POLICE AND COMMUNITY UNITE TO PREPARE FOR PLAYGROUND
POLICE and community leaders are joining forces to clean up Dawson Mall and convince residents it is a safe place to build a $1.6 million neighbourhood playground.
The measures already taken range from covert police operations clamping down on drug crime and alcohol-fuelled violence, to Blacktown Council’s antigraffiti programs cleaning away tags and rebranding alcohol-free zones.
There have also been combined State and Federal Government initiatives, such as The Elders Patrol — a group of Samoan elders who patrol the streets of Mt Druitt at night — which have been credited with stopping antisocial behaviour from esca- lating into all-out violence.
Mt Druitt police crime prevention officer Senior Constable Paul Bates, Blacktown Mayor Stephen Bali and Ward 4 councillor and Mt Druitt MP Edmond Atalla (pictured) met in Dawson Mall recently to discuss the problem area.
The group claims it has noticed a drop in crime and anti-social behaviour in the public space between West- field and the library. But it says community support is vital to the project’s success.
Cr Bali said a neighbourhood playground in Dawson Mall was a perfect fit.
“How do you resolve anti-social behaviour? I think you do that by bringing in activities and encouraging families to use the area,” he said.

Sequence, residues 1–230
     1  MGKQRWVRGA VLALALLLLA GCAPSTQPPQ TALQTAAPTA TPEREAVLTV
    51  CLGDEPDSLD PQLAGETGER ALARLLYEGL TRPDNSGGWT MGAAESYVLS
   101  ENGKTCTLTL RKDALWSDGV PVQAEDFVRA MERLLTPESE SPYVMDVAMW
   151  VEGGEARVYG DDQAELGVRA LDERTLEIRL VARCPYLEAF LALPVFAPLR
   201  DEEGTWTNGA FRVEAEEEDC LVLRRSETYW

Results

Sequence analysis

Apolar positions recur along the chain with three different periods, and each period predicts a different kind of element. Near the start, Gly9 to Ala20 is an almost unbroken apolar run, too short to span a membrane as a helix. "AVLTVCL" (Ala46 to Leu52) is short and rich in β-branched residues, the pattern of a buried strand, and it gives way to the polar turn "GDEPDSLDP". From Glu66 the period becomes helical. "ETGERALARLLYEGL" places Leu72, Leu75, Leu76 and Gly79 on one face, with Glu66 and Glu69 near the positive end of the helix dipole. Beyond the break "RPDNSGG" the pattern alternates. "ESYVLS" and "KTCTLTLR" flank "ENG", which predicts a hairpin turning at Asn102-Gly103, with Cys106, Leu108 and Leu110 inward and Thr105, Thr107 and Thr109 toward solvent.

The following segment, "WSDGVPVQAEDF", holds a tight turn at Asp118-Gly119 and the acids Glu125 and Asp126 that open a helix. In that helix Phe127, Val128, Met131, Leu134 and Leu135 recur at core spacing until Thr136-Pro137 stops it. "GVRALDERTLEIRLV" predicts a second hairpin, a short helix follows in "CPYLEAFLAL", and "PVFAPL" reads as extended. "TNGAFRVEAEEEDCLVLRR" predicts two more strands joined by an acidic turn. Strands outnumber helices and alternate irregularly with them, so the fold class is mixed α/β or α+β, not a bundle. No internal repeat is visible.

Sen-Constable Bates, of Mt Druitt police, welcomed the plan.
“Crime in Dawson Mall has dropped in general but there are still the occasional problems,” he said.
“We run a number of operations in the area. But I also think the community become more aware of an area when they feel ownership, so we would definitely support any investment in this area.”
Cr Atalla recently moved into an office overlooking the mall and said he had seen a decrease in anti-social behaviour.
“I can say from my own observation, I am seeing a decline in anti-social behaviour in Dawson Mall,” he said.
He credits educational programs run in schools by police and the council’s pro- active graffiti removal for the improvement.
Cr Atalla said the new park would not come without plans for its protection and security.
“If council is investing $1.6 million we need to protect our own asset and that will need to form part of the project’s management and delivery,” he said.
It is still not known what the playground will include but the council has not ruled out including water-play features.
Cr Atalla said a security guard could be employed to protect the playground during construction and after it opened.
“That is not an unusual thing at all. I mean, at Christmas, we hire security to protect a Christmas tree so it is certainly something we can consider,” he said.
In March The Standard did a sample poll with residents in the mall to gauge public opinion of the site for the park.
Most of those we spoke to said it would attract “undesirables” after hours.
Tolorosa Taulada said a playground in Dawson Mall was a bad idea.
“A playground here would just cause more problems - there is a lot of violence here after hours,” Ms Taulada said.
“The council will need to spend more money trying to stop it.
“Just come here after 10pm and you can see it is just a place for street kids to hang.”